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India and Russia Share Traditional Family Values, Says Head of India's Premier Art Institute

CC0 / Pixabay / A father sitting next to his son
A father sitting next to his son - Sputnik International, 1920, 06.11.2021
In September, an Indian delegation visited Russia and signed a Memorandum of Understanding (MoU) with Buddhist organisations and educational and cultural institutions. Dr. Sachidanand Joshi, Member Secretary of IGNCA, was also part of it.
Established in 1989, the Jawaharlal Nehru Cultural Centre in Moscow has been tasked with maintaining India’s cultural relations with the Russian Federation.
The centre has been working in close coordination with a number of Russian universities to organise events on Indian culture.
In an interview with Sputnik, Dr. Sachidanand Joshi, Member-Secretary of India’s premier art organisation, the Indira Gandhi National Centre for Arts (IGNCA), shared his experience and understanding of what he believes India and Russia have in common in terms of culture.
Sputnik: As the IGNCA chief, how would you describe the significance of having a cultural relationship between two nations? What purpose does it serve?
Dr. Joshi: A cultural relationship simply meant connecting two civilisations. We need to have cultural commonalities for any strategic relationship - oil, gas, nuclear energy, space and technology, military relationship, defence or any relations between two nations.
For example, Russia is the biggest partner for India in the latter’s strategic programme. Almost 90 percent of the military arms in India come from Russia. Why is that so? Because India and Russia have traditionally been good friends for ages. Both nations trust each other.
There were challenges with other nations, but there have never been severe challenges with Russia. We’ve been excellent friends since India’s independence (in 1947 from British rule). I believe the main focus of our relationship is more cultural rather than political.
Sputnik: What do you see in common between Russian and Indian cultures?
Dr. Joshi: There are lots of similarities between Russian and Indian traditions, we are studying Russian practices, values, households, music — these are a few of the things where I see us connecting with Russia.
For example, there is so much similarity between the Russian and Sanskrit languages. “Odin, Dwa, Tri, Chetire, Pyat, Shest…” whereas Sanskrit counting is: “Eka, Dwi, Tri, Chatur, Pancha Shash….”
These are not mere coincidences; the bond between the two countries is ancient.
Similarly, traditional family values between India and Russia are at large the same.
Unlike Europe or the USA, we don’t live in nuclear families in both countries, where children limit their interaction with parents. Many children are still living with their parents. The sceptic could argue… But I’m sharing a general picture.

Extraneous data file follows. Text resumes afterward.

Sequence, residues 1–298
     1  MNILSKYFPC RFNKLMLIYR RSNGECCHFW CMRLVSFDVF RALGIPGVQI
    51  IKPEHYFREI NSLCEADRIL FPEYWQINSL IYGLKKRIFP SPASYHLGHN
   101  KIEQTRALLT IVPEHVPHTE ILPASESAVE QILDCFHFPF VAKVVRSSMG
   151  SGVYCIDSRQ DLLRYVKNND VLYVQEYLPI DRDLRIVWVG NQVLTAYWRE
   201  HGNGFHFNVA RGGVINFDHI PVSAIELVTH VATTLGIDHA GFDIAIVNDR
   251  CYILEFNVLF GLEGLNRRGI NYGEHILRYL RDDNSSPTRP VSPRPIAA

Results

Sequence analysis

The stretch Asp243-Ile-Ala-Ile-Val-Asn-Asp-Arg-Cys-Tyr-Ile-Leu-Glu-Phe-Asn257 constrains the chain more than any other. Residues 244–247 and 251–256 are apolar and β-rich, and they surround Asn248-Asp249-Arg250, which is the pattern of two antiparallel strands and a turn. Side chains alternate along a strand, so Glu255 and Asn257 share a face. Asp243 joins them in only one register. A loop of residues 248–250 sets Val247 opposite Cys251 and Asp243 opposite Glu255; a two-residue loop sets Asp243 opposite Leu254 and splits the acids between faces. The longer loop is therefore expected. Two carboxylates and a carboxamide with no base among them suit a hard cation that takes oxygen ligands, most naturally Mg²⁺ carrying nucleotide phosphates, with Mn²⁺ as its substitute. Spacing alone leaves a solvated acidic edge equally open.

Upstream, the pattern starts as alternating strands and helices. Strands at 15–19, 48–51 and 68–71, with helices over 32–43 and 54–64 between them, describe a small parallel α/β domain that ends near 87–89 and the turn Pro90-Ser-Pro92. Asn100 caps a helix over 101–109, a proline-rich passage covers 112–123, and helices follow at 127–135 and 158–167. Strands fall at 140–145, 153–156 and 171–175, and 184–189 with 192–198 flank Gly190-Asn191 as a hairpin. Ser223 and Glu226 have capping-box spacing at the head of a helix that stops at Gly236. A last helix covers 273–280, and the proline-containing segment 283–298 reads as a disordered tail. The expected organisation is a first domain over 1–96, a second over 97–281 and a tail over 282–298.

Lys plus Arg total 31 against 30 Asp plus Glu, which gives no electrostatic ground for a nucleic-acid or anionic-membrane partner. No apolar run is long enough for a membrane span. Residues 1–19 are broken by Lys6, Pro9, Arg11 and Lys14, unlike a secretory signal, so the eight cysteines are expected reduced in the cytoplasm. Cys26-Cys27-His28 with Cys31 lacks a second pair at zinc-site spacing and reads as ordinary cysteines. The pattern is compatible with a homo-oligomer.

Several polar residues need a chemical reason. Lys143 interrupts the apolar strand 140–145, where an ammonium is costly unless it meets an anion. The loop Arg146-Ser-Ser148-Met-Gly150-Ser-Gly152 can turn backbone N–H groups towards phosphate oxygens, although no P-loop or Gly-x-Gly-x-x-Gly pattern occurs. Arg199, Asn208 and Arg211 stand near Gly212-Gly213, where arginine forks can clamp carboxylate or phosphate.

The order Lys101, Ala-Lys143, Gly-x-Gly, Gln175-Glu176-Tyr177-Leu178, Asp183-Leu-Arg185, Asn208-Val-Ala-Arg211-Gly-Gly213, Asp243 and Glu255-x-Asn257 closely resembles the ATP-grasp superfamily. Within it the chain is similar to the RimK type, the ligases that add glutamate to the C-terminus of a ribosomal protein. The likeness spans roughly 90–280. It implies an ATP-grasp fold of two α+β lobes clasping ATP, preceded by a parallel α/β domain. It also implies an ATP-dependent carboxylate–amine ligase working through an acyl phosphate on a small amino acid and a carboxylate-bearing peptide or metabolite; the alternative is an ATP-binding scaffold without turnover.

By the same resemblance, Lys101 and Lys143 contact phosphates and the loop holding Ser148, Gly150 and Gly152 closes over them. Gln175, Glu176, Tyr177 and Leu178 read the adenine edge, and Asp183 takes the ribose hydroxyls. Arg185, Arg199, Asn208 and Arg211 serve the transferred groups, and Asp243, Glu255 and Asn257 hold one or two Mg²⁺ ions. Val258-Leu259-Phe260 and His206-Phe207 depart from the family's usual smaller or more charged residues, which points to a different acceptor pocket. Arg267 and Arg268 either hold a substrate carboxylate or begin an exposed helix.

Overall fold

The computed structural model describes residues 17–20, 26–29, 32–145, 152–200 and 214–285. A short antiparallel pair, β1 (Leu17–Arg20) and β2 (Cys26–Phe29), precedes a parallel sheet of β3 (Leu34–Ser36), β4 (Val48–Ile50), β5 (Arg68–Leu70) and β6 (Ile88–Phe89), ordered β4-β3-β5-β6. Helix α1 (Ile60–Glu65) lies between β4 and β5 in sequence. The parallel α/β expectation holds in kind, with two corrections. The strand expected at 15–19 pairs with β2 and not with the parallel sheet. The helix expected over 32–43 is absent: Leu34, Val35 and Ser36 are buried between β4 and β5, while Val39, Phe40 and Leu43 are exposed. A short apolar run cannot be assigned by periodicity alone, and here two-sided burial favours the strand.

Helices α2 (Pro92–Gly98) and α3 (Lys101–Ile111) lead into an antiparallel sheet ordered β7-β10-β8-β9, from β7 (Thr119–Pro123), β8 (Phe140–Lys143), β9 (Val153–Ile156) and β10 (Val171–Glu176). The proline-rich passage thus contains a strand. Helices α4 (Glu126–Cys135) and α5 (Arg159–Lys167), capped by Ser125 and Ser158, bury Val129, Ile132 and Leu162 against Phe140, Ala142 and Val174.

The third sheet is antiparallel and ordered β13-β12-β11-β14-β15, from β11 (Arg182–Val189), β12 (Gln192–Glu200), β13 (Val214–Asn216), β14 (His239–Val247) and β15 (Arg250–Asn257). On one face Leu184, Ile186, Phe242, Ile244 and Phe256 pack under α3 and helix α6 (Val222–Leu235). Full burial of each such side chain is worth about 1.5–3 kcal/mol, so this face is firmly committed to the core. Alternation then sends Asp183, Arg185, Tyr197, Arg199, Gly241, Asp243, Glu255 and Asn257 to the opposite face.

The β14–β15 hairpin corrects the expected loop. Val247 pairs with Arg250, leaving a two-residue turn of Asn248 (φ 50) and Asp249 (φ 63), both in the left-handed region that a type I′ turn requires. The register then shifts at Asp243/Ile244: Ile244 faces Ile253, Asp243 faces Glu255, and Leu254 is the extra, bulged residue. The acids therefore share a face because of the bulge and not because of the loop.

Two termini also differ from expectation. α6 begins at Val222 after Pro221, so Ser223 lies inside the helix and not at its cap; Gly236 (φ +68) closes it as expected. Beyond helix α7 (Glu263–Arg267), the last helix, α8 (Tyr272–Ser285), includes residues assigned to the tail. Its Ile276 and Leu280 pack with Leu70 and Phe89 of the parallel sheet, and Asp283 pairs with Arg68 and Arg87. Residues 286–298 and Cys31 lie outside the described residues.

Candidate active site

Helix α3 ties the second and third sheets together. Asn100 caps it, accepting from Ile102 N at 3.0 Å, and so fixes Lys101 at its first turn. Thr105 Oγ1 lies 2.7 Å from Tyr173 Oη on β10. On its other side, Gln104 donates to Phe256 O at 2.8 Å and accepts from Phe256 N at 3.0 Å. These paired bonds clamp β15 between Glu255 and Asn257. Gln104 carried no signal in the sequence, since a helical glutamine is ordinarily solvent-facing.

Apart from these, we’re connecting in terms of Buddhism — we are researching how Buddhism travelled to Russia and exploring if there is any Indian connection to it.
Sputnik: You were part of a delegation that recently visited Russia and signed three MoUs. Tell us about that.
Dr. Joshi: I only went to Moscow and St. Petersburg — Datsan Gunzechoinei, the first Buddhist temple in northwestern Russia, while the others also visited Chita, Buryatia, Kalmykia, and Tuva.
We also signed a Memorandum of Understanding between the Indian Ministry of Culture and various educational institutions in Russia. Both parties agreed to cooperate in educational and cultural areas, particularly in the field of Buddhist philosophy, Buddhist science, astrology, medicine and the arts. We will study their manuscript so that we can find out the roots of Buddhist commonality.
Around 2010, Russian archaeologists found (likenesses of) Indian deities, which were believed to have been built about 4,000 years ago. Based on these facts and research, I sincerely believe there is much to be found.
Sputnik: How did the Russian government respond to your visit and how do the Russians look at the kind of exploration being done on such subjects?
Dr. Joshi: On the side of the Russian government, we received a very warm welcome. In my personal view, I felt that the Russians have a hunger for spirituality. Lots of people are practising Indian Vedic tradition in Russia.
Indian gurus like — Maharishi Mahesh Yogi, Sri Sri Ravi Shankar, Sai Baba and many others are really famous in Russia and have a good number of followers.
We found that people wanted to learn (ancient Hindu texts) Upanishads and Vedas, which was quite a surprise for us.
Well, we also learned quite a lot from them. We should study how phenomenally they are handling the prominent educational institute, in terms of the curriculum too.
In Moscow alone, there are more than 100 universities and all of them are performing exceptionally well.
I was also amazed by the way they were handling and recreating their library, museum and heritage. I think we need to learn that part from them.
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